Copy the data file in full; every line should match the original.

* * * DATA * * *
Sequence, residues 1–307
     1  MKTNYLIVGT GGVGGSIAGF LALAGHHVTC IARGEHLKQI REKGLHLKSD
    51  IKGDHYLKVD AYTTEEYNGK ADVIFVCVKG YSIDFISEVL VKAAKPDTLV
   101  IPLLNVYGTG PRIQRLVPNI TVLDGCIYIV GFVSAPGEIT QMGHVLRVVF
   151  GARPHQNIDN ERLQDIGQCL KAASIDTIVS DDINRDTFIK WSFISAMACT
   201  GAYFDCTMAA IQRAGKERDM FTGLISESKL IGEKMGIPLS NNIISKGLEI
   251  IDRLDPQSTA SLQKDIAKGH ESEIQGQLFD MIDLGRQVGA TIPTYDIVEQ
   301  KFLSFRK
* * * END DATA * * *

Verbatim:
Sequence, residues 1–307
     1  MKTNYLIVGT GGVGGSIAGF LALAGHHVTC IARGEHLKQI REKGLHLKSD
    51  IKGDHYLKVD AYTTEEYNGK ADVIFVCVKG YSIDFISEVL VKAAKPDTLV
   101  IPLLNVYGTG PRIQRLVPNI TVLDGCIYIV GFVSAPGEIT QMGHVLRVVF
   151  GARPHQNIDN ERLQDIGQCL KAASIDTIVS DDINRDTFIK WSFISAMACT
   201  GAYFDCTMAA IQRAGKERDM FTGLISESKL IGEKMGIPLS NNIISKGLEI
   251  IDRLDPQSTA SLQKDIAKGH ESEIQGQLFD MIDLGRQVGA TIPTYDIVEQ
   301  KFLSFRK